Seattle Mayor Jenny Durkan wants to speed up the transition of Seattle homes from burning oil to using ­electric heat, to “help combat the global climate crisis and fulfill a key commitment of Seattle’s 2018 Seattle Climate Strategy,” her office said Aug. 6.

Durkan plans to send legislation to the City Council mandating that the roughly 18,000 homes left in the city with oil heaters make the switch to electric by 2028, according to a release.

If enacted, the legislation would put a 24 cent per gallon tax on heating oil starting July 1, 2020, and would require heating oil tank owners to decommission or upgrade all existing underground oil tanks by 2028.

Revenue from the tax would pay for rebates and grants to help nearly 3,000 Seattle homeowners make the switch. Low-income homeowners, expected to number around 1,000, would be fully reimbursed for the upgrade costs.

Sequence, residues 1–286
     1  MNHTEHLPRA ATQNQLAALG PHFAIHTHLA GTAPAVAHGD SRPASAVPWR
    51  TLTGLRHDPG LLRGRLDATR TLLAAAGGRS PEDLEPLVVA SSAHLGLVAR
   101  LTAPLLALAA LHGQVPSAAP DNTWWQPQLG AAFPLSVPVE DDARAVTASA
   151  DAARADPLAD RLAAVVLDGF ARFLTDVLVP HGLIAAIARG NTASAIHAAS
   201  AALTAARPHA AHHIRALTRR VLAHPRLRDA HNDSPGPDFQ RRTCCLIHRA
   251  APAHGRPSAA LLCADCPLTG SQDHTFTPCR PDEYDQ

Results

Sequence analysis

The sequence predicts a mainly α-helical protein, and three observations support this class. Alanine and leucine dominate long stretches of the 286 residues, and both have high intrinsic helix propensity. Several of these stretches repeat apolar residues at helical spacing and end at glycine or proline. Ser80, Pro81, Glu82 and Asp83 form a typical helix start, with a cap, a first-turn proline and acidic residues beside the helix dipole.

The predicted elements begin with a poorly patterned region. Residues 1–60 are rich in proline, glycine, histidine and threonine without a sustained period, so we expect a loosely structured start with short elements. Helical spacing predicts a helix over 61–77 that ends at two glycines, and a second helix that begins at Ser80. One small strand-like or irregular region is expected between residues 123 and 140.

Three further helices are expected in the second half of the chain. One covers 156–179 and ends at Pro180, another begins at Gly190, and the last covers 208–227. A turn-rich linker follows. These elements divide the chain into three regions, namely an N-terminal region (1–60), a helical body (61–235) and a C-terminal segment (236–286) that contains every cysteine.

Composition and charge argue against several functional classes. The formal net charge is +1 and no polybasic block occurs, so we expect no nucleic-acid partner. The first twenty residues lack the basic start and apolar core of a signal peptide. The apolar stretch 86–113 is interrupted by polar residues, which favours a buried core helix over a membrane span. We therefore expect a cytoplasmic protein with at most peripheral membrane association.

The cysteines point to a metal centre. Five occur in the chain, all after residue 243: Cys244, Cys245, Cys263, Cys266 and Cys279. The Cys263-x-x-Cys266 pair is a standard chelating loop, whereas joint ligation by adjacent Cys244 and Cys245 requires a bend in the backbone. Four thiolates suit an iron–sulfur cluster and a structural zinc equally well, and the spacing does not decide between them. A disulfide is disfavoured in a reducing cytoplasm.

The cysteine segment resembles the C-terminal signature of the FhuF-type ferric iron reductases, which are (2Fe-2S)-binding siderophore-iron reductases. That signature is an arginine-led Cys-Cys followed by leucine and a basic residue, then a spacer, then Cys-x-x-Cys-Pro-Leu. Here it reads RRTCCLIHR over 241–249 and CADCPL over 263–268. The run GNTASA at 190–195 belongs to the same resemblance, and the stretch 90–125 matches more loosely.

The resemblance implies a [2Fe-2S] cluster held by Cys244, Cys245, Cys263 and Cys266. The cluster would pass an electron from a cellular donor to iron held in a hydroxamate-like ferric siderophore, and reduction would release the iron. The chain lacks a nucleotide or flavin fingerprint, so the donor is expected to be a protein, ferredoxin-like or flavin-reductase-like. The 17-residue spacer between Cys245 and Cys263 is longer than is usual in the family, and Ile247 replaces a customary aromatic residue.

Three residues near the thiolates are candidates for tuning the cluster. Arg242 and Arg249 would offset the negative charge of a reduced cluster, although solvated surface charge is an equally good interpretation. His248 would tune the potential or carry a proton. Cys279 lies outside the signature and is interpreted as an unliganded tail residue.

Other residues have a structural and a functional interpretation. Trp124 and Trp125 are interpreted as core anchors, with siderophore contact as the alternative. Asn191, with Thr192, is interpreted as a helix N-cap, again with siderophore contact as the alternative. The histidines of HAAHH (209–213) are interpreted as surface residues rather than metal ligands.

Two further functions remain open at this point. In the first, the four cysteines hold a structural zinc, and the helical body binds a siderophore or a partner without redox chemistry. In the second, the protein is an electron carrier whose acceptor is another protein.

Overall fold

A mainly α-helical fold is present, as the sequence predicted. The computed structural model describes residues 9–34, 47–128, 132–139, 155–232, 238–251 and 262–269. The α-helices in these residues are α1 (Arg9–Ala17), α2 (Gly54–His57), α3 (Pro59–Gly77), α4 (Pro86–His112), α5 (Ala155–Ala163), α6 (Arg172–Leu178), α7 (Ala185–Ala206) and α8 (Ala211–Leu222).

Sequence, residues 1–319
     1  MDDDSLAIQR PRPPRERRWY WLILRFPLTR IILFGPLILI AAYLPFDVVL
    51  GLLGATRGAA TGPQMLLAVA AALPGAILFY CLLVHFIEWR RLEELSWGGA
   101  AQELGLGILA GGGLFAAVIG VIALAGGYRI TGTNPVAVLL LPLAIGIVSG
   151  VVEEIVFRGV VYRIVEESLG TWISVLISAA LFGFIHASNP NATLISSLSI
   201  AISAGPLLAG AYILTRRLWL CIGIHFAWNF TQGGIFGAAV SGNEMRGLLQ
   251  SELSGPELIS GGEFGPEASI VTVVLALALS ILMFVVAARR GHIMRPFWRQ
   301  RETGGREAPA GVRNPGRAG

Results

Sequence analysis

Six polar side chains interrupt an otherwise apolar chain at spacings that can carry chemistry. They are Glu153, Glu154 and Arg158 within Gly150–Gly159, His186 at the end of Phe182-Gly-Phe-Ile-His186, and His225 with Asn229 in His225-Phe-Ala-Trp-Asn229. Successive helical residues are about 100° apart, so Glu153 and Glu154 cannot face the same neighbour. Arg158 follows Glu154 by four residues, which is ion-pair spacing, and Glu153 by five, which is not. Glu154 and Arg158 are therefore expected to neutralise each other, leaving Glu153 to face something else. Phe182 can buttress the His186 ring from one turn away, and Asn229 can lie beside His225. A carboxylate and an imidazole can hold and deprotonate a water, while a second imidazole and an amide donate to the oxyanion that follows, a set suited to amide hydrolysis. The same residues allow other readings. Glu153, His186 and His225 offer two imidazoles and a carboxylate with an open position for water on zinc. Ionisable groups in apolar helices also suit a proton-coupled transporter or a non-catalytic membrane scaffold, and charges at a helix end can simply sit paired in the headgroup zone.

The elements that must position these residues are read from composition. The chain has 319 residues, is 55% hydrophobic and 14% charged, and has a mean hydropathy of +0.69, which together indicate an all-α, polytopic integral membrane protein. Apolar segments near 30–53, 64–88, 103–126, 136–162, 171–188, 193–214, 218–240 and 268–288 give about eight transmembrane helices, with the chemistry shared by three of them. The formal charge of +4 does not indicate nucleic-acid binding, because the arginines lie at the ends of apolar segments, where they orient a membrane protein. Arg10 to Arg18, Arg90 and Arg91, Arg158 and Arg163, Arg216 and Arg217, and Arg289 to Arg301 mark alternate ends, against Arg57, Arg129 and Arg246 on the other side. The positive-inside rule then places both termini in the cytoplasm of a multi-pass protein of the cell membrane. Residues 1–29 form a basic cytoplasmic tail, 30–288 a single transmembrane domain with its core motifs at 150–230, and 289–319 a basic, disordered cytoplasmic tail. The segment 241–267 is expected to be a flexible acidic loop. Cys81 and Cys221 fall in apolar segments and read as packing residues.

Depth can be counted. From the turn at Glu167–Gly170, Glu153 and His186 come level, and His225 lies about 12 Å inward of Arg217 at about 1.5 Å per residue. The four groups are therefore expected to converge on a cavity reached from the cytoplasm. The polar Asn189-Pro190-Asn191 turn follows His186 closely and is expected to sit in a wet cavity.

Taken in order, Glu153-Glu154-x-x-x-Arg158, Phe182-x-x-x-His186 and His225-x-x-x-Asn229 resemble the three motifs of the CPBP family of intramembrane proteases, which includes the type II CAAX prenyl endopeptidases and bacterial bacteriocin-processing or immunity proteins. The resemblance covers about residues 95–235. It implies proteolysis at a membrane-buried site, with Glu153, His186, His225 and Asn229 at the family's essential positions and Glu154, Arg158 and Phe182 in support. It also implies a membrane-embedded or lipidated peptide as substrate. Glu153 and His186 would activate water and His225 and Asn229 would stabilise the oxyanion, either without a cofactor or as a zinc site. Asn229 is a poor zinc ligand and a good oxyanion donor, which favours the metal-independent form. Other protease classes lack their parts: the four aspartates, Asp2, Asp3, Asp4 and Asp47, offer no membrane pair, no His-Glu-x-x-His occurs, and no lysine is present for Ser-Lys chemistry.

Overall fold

“Moving faster to convert Seattle’s homes off of dirty fossil fuels is good for our climate, our economy, and our children’s future,” Durkan said in the release. “Since I took office, Seattle has continued our work as a leader in fighting climate change and addressing environmental inequities.

“By investing in more housing near transit, advancing legislation to create more green buildings, and studying congestion pricing, we continue to work to create a greener and more just future.”

Converting oil-heated homes to electric heating is expected to reduce the city’s climate emissions by 433,000 metric tons over 10 years, which is equivalent to removing nearly 90,000 passenger cars from the road for a year, the release said.

The proposed legislation also directs some of the tax revenue to retraining workers and providing business planning for heating-oil service providers.

City departments, including the Office of ­Sustainability and Environment, Seattle Fire Department, and Seattle Department of Construction and ­Inspections, will be tasked with developing the criteria for the ­mandated ­conversion.